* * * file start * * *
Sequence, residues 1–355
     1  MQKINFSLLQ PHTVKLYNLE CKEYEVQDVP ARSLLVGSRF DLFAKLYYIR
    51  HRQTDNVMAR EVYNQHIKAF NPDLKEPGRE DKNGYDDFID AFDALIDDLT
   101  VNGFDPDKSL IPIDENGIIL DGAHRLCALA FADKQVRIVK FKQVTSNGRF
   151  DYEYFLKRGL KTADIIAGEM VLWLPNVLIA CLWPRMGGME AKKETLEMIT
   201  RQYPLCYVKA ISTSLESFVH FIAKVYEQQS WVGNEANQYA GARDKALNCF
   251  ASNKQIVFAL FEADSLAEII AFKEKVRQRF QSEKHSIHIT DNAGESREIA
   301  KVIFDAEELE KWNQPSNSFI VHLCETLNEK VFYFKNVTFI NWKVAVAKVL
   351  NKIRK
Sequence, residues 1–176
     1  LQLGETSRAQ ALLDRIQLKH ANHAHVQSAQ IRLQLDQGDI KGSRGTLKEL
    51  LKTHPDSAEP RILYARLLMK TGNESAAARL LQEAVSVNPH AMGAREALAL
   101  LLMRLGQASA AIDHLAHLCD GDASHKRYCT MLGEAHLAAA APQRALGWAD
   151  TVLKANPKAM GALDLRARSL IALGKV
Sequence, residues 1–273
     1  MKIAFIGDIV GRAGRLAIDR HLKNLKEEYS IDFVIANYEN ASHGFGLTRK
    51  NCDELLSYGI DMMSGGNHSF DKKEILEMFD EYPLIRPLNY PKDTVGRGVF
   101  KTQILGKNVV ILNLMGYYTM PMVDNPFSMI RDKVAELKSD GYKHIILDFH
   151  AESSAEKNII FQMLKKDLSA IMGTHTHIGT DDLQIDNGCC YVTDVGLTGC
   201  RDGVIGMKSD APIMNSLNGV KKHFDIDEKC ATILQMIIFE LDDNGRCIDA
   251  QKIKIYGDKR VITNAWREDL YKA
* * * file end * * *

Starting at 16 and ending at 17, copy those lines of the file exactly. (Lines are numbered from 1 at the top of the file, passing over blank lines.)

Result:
     1  MKIAFIGDIV GRAGRLAIDR HLKNLKEEYS IDFVIANYEN ASHGFGLTRK
    51  NCDELLSYGI DMMSGGNHSF DKKEILEMFD EYPLIRPLNY PKDTVGRGVF